Letters to the Editor

Who really loses in ruling over education funding? | Federal Way letters

I just read the decision of the State Supreme Court whereby they overturned the trial judge’s decision in favor of Federal Way School District’s ample funding lawsuit.

I also attended the hearing when it was heard last June. Like Superintendent Tom Murphy, I too am extremely disappointed — and that is an understatement — in their decision because if justice truly had prevailed, it should have been a unanimous verdict to uphold the decision.

I agree with Murphy because I too do not understand their decision because it truly is illogical, baffling, disappointing and discouraging, as he said. The really sad thing about the whole affair: The Federal Way School District may have lost the decision, but it is the school children of our district (and others as well) that are the real losers in this case. I can relate to that firsthand as I see and work with these wonderful children on almost a daily basis as a substitute para-educator. Murphy put it very bluntly when he said “the children of Federal Way that have suffered with unequal treatment (thanks to the state Legislature) will suffer longer and I feel very bad for our children.” I am sure there are a lot of parents, teachers, school administrators, etc., that feel the very same way.

The State Supreme Court basically ruled against our school district on the grounds that “the state (i.e. the Legislature) does not have to use funding formulas or salary multipliers to uniformly fund school districts, as is presently the case. Because it is not supported in the Seattle School District decision or in the constitution, they rejected our school district’s argument. They missed the point of the whole case, and as a result, their ruling did not address the $64,000 question: “Is the funding system currently used by the Legislature unconstitutional when it clearly states that it is the paramount duty of the state to make ample provision for the education of all children residing within its borders?”

Federal Way is the seventh-largest school district in the state — yet, when the lawsuit was filed, it was ranked 263rd out of 296 districts in dollars-per-student funding. To say that is “ample funding” is like telling a student that “1 + 1 = 3.”

Assistant Attorney David Stolier argued that “although there are disparities (230 different levels of funding to be exact) between the districts (which is what the whole case was about), all districts are amply funded.” If our district was, in fact, amply funded, then our school board (and the district) would not be faced with making multimillion-dollar cuts to the budget each year.

The school district’s attorney argued adamantly for basic education by students receiving the same amount around the state because that is the only way to ensure that ample funding is provided to all districts. That is when Justice Debra Stephens summed it up succinctly by stating, “You’re really talking about putting the entire system on the table.” What shocked me in this decision was that every judge voted against Federal Way. By doing so, they dodged the issue that Justice Stephens brought up instead of addressing it.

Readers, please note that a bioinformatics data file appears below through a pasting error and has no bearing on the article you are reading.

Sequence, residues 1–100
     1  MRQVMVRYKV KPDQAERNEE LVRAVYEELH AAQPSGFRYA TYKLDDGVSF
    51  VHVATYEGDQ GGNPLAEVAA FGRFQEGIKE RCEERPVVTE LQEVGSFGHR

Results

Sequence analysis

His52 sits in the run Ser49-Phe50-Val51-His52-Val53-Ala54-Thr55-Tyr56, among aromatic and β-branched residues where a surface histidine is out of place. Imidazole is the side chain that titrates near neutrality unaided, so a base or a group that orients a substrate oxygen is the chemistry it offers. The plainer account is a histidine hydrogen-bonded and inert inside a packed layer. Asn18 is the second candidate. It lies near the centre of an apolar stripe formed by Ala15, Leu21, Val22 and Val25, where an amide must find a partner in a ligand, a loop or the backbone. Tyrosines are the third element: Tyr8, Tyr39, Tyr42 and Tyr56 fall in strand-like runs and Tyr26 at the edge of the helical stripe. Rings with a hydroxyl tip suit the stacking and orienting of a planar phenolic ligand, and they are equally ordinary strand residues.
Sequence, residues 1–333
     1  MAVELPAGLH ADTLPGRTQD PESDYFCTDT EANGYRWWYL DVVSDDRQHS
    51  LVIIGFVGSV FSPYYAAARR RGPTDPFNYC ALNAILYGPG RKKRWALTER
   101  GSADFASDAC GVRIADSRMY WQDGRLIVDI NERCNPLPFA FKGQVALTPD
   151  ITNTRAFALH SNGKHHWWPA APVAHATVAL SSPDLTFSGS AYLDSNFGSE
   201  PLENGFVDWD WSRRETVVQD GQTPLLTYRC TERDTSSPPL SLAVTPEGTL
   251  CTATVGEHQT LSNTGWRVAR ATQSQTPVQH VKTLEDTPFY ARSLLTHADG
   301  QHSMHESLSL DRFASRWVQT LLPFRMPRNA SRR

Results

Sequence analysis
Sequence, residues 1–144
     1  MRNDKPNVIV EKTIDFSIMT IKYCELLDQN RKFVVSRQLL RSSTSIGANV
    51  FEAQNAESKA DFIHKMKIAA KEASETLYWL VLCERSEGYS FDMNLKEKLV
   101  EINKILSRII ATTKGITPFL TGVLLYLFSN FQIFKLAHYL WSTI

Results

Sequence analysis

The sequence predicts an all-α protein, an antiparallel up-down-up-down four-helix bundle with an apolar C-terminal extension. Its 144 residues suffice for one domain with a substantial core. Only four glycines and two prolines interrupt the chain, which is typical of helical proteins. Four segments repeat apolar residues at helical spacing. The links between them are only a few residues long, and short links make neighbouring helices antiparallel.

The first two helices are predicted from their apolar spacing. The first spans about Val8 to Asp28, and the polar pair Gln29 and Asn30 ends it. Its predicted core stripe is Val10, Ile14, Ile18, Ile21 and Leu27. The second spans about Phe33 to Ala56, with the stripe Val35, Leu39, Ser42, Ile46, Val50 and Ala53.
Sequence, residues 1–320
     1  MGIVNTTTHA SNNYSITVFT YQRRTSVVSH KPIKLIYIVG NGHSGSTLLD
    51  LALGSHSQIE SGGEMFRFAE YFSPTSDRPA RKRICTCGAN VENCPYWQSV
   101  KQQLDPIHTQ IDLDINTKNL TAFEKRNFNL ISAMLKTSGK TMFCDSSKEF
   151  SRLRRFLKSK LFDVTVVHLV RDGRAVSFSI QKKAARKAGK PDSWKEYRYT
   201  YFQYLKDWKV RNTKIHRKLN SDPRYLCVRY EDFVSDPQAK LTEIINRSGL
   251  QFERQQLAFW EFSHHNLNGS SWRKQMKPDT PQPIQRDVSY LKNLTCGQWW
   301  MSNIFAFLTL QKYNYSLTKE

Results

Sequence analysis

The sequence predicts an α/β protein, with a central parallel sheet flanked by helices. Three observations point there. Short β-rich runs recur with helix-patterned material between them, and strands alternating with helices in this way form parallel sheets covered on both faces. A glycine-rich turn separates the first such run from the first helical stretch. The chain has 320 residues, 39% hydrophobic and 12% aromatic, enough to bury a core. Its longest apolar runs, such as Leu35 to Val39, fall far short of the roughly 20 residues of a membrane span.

If that wasn’t bad enough, in March 2009, our school district (along with 11 others) lost another case to fully fund special education. As Murphy said in that case, “Given the State of Washington’s clear constitutional obligation to provide ample resources for the education of all children, we are deeply disappointed that the Court of Appeals failed to recognize that the current funding of special education is inadequate. The reality remains that special education is significantly underfunded, resulting in impacts for all children.”

As the saying goes, life is not always fair.

Now that we have struck out with the courts on these issues, our only recourse now is with the Legislature. Given our serious continuing budget crisis, I do not see any remedy coming in the near future. I give our legislators an “E” for effort. Although some progress has been made, we are still a long, long way from where we need to be to “provide ample funding” to education in all the school districts.

And when it comes to the Legislature, they only operate on three speeds: Slow, slower and slowest. And you can guess what speed they are operating on now.

With this bad ruling, they have no reason to make any changes, and if that happens, it will just be “business as usual.”

Gary Robertson, Federal Way

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